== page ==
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I am wondering for a two person zero sum symmetric game, is it true that, for any fixed mixed strategy $$p = [p_1, ... , p_n]^T$$ of player 1, is it true that $$max_q\space \pi_2(p,q)\geq0$$ where$$q=[q_1, ... , q_n]^T$$ denotes a mixed strategy for player 2, and$$max_q\space \pi_2(p,q)$$denotes the payoff function of player 2.

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Yes. Note that if a zero-sum game $(A,B)=(A,-A)$ is symmetric, then $A$ is skew-symmetric:

$$A^\top = -A,$$

so $a_{ij} = -a_{ji}$ for all $i$ and $j$. Now fix $p$ as a mixed strategy of the row player as in your question and consider what the column player gets by playing $p$ too:

$$p^\top A p = \sum \sum p_i a_{ij} p_j = \sum \sum p_i (-a_{ji}) p_j = - - \sum \sum p_i a_{ji} p_j = -p^\top A p,$$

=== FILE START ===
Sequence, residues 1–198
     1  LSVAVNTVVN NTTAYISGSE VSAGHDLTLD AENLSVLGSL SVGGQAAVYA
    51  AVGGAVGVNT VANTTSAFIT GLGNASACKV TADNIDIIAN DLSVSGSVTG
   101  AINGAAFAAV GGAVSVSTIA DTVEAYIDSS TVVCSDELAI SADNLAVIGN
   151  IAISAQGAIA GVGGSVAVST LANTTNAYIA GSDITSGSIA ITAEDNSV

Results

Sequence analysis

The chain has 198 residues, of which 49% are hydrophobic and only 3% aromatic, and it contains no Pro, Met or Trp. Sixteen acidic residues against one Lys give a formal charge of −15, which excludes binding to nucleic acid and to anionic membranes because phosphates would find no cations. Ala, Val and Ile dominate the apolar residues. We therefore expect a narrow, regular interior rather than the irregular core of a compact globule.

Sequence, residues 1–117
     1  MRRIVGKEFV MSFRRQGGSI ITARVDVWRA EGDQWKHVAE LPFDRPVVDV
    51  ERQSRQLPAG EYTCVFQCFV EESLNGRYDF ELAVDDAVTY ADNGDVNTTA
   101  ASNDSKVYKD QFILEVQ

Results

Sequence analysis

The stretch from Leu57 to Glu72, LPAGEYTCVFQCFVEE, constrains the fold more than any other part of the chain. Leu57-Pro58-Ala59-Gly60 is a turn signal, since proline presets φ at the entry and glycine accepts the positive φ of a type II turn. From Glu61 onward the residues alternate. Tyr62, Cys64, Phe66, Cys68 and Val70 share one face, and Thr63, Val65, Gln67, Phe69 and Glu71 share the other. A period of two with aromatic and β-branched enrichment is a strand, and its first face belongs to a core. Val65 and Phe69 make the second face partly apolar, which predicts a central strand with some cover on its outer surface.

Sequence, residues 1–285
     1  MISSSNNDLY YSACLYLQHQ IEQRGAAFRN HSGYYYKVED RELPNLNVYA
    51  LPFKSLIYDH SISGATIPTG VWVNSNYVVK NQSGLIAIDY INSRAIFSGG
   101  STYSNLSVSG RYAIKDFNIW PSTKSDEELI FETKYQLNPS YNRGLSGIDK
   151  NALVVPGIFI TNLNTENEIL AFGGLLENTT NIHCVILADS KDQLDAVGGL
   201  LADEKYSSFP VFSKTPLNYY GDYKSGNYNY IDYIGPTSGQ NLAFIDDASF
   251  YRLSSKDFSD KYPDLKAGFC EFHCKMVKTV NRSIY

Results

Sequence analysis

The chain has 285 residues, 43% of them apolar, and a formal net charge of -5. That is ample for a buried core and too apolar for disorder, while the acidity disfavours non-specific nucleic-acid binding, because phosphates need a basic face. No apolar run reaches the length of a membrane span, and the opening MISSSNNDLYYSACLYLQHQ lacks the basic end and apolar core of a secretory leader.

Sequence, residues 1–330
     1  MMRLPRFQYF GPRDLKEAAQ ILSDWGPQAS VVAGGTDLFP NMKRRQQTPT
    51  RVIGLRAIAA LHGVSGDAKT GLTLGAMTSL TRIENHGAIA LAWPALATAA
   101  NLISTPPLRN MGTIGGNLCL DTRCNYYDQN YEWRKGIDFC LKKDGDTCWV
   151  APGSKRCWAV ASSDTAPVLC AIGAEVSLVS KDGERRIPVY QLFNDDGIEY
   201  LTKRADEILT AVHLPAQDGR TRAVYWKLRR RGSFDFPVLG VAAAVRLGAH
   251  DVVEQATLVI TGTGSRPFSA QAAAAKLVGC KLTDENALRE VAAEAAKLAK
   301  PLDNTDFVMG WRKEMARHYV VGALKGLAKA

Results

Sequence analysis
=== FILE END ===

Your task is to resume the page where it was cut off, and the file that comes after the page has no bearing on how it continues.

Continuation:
so $p^\top A p = 0$. Thus indeed we have that $\max_q \pi_2(p,q) \ge 0$.

BTW, actually a matrix $A$ is skew-symmetric if and only if $x^\top Ax = 0$ for all $x$.

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  • $\begingroup$ Thanks! it helps! but why we calculate the payoff when the column player plays p too? And how do we get that $$max_q\space\pi_2(p,q)\geq0$$ by getting $$p^TAp=0$$? $\endgroup$ – Leo Li Oct 2 '17 at 23:04
  • $\begingroup$ You want to compute a maximum over all choices of $q$ and I showed you that if you choose $q$ as $p$ then the column player gets $0$. There the maximum much be at least $0$, which is exactly what you wanted to prove! $\endgroup$ – Rahul Savani Oct 3 '17 at 5:09

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